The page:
ESPN insiders Adam Schefter and Adrian Wojnarowski, and Shams Charania of The Athletic and Stadium, are all poised to hit free agency this summer and there’s no shortage of viable bidders.
The Athletic, recently purchased by the New York Times for $550 million, and other potential suitors have sent word to the ESPN pair’s reps that they’re ready to make offers as soon as they’re able, sources told Front Office Sports.
ESPN has an exclusive negotiating window to retain Schefter and Wojnarowski, said sources. The network will put on a full-court press to keep both Schefter and Wojnarowksi, according to executives familiar with the network’s plans. It may also have the right to match outside offers.
Both Schefter and Wojnarowsi make an estimated $2 million to $3 million annually from ESPN, said sources. A confluence of events could generate much more lucrative contracts for all three insiders.
ESPN and the New York Times/The Athletic won’t be the only ones throwing money at these breaking news kings.
Sports betting giants such as Caesars Sportsbook eagerly view the trio’s vast social media followings as possible betting customers. Looming free agency sets up a potential bidding war between three very different business sectors: ESPN (TV) vs. legacy media (New York Times) vs. new gambling challengers (Caesars).
ESPN declined to comment on Schefter and Wojnarowski. Stadium declined to comment on Charania. A spokeswoman for The Athletic did not return messages.
Caesars, FanDuel, and DraftKings are hiring talent with the goal of becoming sports media platforms themselves. Caesars, for example, has signed Peyton, Eli and Archie Manning as well as former ESPN personalities Kenny Mayne and Trey Wingo.
The 55-year-old Schefter, the NFL’s premiere insider, has the biggest following. Between Twitter and Instagram, he boasts 10.3 million followers.
NBA insider Wojnarowski, 52, is not far behind with 7.1 million. Fellow NBA insider Charania (Wojnarowski’s ex-protégé at Yahoo Sports) has the most upside. At only 27, he already boasts 1.4 million followers on Twitter.
Both Schefter and Wojnarowski made their bones in the newspaper business. They might welcome the chance to write more for a legacy brand like the New York Times rather than doing endless quick hits for ESPN studio shows.
“The New York Times is going to be responding to the broader, competitive dynamics and will be looking to fill out its bench of writers,” said Dan Burkhart, a former NBC digital executive and CEO of subscription engine Recurly. “They may choose to get some all-star writers just as a sports franchise would look to get all-star players, and then figure out how to balance out what is effectively their salary cap.”
Still, there’s no guarantee these insiders will change teams.
“ESPN is going to fight hard to keep both [Schefter and Wojnarowski]. They’re well thought-of inside Bristol,” said a source.
Similarly, Stadium wants to keep Charania and is seeking ways to boost his profile at the company owned by Silver Chalice and Sinclair Broadcast Group.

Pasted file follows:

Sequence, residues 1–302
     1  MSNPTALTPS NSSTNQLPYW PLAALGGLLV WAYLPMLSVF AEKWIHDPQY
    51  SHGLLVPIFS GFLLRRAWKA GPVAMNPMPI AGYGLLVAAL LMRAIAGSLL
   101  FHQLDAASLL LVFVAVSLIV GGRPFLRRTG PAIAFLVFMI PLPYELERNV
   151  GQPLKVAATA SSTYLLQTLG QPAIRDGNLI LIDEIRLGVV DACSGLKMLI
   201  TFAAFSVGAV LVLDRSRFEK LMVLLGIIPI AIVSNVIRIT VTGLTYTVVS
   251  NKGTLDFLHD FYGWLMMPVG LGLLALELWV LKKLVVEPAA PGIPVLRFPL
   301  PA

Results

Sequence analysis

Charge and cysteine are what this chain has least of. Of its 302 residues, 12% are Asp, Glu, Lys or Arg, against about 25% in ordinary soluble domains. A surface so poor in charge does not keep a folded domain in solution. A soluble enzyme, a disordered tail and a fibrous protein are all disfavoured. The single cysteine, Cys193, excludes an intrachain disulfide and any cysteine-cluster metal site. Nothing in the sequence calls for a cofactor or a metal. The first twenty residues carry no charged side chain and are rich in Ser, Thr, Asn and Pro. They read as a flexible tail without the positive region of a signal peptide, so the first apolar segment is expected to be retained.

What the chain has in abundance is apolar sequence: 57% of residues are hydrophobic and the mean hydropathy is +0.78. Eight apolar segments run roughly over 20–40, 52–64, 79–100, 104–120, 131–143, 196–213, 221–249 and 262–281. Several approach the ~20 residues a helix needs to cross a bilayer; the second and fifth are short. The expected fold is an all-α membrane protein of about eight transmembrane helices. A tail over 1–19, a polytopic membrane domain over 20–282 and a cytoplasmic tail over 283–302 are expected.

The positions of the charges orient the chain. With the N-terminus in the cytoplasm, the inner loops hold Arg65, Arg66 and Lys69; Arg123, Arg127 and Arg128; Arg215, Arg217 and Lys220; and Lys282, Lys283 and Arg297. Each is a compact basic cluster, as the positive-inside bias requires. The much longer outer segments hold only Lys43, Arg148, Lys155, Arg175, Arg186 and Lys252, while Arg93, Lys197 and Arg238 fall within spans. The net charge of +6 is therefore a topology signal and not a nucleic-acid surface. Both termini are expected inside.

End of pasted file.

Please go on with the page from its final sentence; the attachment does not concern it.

The question mark is the New YorkTimes/The Athletic: Would this new media giant want both Wojnarowski and Charania?
Meanwhile, the New York Times also has to pay off the money-losing Athletic’s investors. With 450 journalists from The Athletic now on the payroll, the New York Times could cut back on its sports staff; not boost it with expensive multi-million hires.
The pending marriage of the New York Times’ 8.4 million digital subscribers with the Athletic’s 1.2 million will bring the Times close to its goal of 10 million subscribers. Between them, Schefter, and Wojnarowkski boast over 17 million social media followers who could be targeted as potential subscribers.
New York Times Co. CEO Meredith Kopit Levien defended the acquisition cost that equates to about $458 per subscriber to The Athletic, and she gave no indication that its soon-to-be subsidiary would be in cost-cutting mode.
“We like what they’ve achieved so far,” Levien said in an analyst call after the deal was announced. “We think there’s a real opportunity to grow their audience further than they’ve done it.
“We’ve got a lot of expertise on our side in terms of … engagement and audience development and marketing. We think there’s a real growth opportunity there.”
The Athletic, founded six years ago this month, isn’t close to profitability and had an operating loss of about $55 million in 2021, according to a statement from The Times. The newspaper company projects smaller losses through 2024 before The Athletic climbs out of the red.
Key to making the The Athletic financial turnaround are the addition of advertisements. The Times makes about 70% of its revenue from subscriptions and much of the remainder coming from advertising — a split that looks to be an aspirational goal for The Athletic.
“I can tell you that advertising is a place where we think the field is green and we are very excited to dig relatively quickly,” Levien said.
The New York Times’ regular price for an annual subscription is $199, although it is currently going for $75 for a year. The Athletic costs $71.99 per year and it also runs promotions regularly that cuts that price down significantly. It’s expected The Athletic will be bundled in some way with The Times once the acquisition closes.
There’s also another league insider possibly up for grabs.
Ken Rosenthal may seek a third gig as long as it doesn’t conflict with his current duties for The Athletic and Fox Sports.
MLB Network recently cut ties with Rosenthal over his criticism of MLB commissioner Rob Manfred. Rosenthal has 1.2 million followers on Twitter.